Rodent Infestation Prevention

Close up photo of a rodent.

Prevention Tips 

There are a few things a homeowner can do to prevent rodent infestation. 

STARVE THEM! 

  • Keep garbage in metal containers with tight fitting lids, and empty them often. 
  • Remove pet food dishes and leftovers promptly after feeding. 
  • Store pet food in metal containers. 
  • Place bird food in feeder, not on ground. 
  • Clean up fallen fruits and nuts. 
  • Clean up animal waste frequently. 

REMOVE THEIR SHELTER! 

  • An old shed or auto is an invitation to rats. Repair or remove them. 
  • Rats can jump up to 3 feet and climb wires and pipes. Be sure to seal any openings to the house, even above ground level. 
  • Keep windows and doors screened. A mouse can fit through a hole the size of a dime! 
  • Store lumber and firewood well off the ground. 
  • Repair any breaks in the sewer line which connects your home to the main sewer system. 

TRAP THEM! 

  • Spring-loaded traps are effective indoors where poisons may pose a threat to people or pets. 
  • Trap or glue boards are preferred outdoors. Bait with peanut butter or partially cooked bacon. 
  • Mice may be trapped by attaching nesting materials, peanut butter or partially cooked bacon to spring-loaded traps. Follow trap instructions. 

POISON THEM!

  • An effective rat poisoning requires a fresh, dry supply of bait that is readily available. To kill rats in the shortest time possible, first eliminate all other sources of food, forcing them to eat the poison. 
  • Use properly labeled, EPA approved poison rat bait. Contact your local hardware or garden shop. 
  • Wear gloves when using any poison. 
  • Keep all poison out of the reach of children and pets! 
  • Poisons (rodenticides) can be used outside. Tamper-resistant bait stations reduce the chances of poisoning other animals. Take caution when using poisons. Always read and follow directions on the label. You may also choose to enlist the services of a pest control company.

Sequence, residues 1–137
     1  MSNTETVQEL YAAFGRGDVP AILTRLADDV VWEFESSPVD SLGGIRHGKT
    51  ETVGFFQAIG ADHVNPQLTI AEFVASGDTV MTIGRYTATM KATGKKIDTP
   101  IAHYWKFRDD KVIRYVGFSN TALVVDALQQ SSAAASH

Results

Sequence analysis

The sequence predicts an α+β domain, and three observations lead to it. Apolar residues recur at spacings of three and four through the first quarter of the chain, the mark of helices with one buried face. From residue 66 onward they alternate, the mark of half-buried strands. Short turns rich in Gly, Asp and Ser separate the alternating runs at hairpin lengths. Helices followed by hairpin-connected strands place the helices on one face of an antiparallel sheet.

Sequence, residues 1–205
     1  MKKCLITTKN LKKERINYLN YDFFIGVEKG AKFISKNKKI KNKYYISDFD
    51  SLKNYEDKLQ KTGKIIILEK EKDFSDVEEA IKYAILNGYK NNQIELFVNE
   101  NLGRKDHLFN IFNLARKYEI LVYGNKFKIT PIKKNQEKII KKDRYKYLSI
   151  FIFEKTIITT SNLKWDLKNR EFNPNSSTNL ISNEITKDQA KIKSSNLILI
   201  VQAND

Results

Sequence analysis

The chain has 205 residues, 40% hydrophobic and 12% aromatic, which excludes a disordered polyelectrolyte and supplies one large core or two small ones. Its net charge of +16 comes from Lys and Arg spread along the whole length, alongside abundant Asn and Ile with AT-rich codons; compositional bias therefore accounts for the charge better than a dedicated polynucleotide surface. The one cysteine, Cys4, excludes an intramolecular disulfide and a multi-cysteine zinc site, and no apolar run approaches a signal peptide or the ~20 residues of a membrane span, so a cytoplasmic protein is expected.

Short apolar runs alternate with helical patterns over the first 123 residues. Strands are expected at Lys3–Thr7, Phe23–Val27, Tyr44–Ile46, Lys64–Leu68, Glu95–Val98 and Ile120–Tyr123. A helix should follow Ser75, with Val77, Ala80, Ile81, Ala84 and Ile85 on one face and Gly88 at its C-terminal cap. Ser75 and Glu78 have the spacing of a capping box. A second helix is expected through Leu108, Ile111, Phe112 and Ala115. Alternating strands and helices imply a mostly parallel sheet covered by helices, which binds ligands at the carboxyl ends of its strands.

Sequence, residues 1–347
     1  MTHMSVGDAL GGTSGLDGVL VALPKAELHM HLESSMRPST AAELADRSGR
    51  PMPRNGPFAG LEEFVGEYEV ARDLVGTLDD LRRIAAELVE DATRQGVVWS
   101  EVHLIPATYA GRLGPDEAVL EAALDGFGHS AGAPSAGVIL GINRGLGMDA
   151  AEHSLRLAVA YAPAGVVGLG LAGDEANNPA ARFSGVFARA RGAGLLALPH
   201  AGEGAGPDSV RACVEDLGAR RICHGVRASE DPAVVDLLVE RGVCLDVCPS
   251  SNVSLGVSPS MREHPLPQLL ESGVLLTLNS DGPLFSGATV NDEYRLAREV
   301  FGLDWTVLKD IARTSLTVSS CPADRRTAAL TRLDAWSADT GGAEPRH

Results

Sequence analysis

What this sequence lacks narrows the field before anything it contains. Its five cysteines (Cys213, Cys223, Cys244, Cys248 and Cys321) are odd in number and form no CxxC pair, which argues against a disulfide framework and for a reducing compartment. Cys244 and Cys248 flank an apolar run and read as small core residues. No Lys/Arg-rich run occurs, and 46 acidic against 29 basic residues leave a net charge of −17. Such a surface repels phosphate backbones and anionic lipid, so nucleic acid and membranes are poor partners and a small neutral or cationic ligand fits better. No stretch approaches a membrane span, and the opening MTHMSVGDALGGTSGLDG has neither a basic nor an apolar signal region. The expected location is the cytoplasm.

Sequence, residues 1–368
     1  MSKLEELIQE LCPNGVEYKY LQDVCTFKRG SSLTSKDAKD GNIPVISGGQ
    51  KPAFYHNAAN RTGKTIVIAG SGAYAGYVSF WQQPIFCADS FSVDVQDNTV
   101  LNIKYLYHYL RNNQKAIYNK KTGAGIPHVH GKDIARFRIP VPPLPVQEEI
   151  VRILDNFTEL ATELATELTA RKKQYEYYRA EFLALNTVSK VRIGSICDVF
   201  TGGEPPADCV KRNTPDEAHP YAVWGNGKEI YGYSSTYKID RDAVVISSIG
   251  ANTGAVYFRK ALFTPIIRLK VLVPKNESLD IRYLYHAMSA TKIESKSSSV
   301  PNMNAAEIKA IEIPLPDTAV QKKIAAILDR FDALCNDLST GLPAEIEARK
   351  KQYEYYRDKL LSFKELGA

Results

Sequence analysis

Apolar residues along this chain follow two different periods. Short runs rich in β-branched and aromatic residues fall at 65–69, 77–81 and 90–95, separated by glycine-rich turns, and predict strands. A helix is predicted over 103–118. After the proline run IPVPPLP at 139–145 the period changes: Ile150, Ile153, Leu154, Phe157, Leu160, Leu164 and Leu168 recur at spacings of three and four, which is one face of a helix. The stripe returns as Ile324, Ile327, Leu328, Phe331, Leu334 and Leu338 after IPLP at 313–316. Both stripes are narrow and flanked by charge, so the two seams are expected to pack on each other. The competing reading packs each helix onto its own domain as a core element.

Cleaning up after a rodent infestation / protection from rodent-borne diseases

Equipment needed:

  • Rubber gloves
  • Dust mask
  • Long sleeve shirt
  • Disinfectant
  • Spray bottle

Before you clean:

  • Air out a room or building that has been closed for a long time before you enter it.
  • Always wet down surfaces and floors with a disinfectant before cleaning. Allow disinfectant to remain there for 20 minutes before wiping it up.

Disinfectants (try either one of these):

  • A 10% solution of bleach made by mixing 1-1/2 cups of household bleach with 1 gallon of water.
  • Lysol diluted to label recommendations.

The "Wash Twice" rule:

  • Wash your rubber gloves in disinfectant and then soap and water before you take them off.
  • Wash your hands and arms with soap and warm water immediately after taking off your gloves.
  • Launder your clothes with hot water as usual.

Disposal of dead rodents:

  • Wear rubber gloves.
  • Thoroughly spray carcass and traps with disinfectant before handing.
  • Triple bag the carcass and/or trap. Do not intermingle with other garbage and notify your garbage hauler for retrieval.
  • If you wish to reuse the traps, soak them in a bucket of disinfectant for 20 minutes then allow to dry.
  • If fleas are present, use a flea spray while picking up used traps and dead rodents.

Close up of a House Mouse.Common, Local Types of Rodents

The House Mouse (Mus Musculus) is light to dark brown, with prominent ears and eyes. Adults leave rod-shaped droppings approximately an eighth of an inch long. Their life span is six months to a year, with an average of eight litters of five to six "pups" per litter. The house mouse lives in walls, cabinets, sub floors, crawl spaces, and furniture, usually within thirty feet of food source. It will eat any food but prefers grain. Habitual gnawers and collectors of nesting material, mice are generally curious.

Close up of a Norway Rat.The Norway Rat (Rattus Norvegicus) is heavy set, light brown to almost black. Droppings are capsule-shaped, about three quarters of an inch long. Norway Rats live about one year and have about six to twelve pups per litter, up to seven litters per year. Rats burrow in the ground, under buildings and rubbish, usually living within 150 feet of food and water. They feed habitually on familiar food and are cautious of new items or new food.

Roof Rats (Rattus Rattus) are somewhat smaller and more agile climbers than Norway Rats. They have a slender body, prominent ears, and large eyes. The life span for Roof Rats is one year, averaging around six to eight pups about five times throughout Close up of a pair of Roof Rats.the year.